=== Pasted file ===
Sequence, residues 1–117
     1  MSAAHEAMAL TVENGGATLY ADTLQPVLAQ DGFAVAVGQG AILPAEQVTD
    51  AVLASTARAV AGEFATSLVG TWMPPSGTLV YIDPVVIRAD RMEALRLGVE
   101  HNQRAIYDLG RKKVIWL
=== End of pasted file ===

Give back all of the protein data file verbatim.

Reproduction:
Sequence, residues 1–117
     1  MSAAHEAMAL TVENGGATLY ADTLQPVLAQ DGFAVAVGQG AILPAEQVTD
    51  AVLASTARAV AGEFATSLVG TWMPPSGTLV YIDPVVIRAD RMEALRLGVE
   101  HNQRAIYDLG RKKVIWL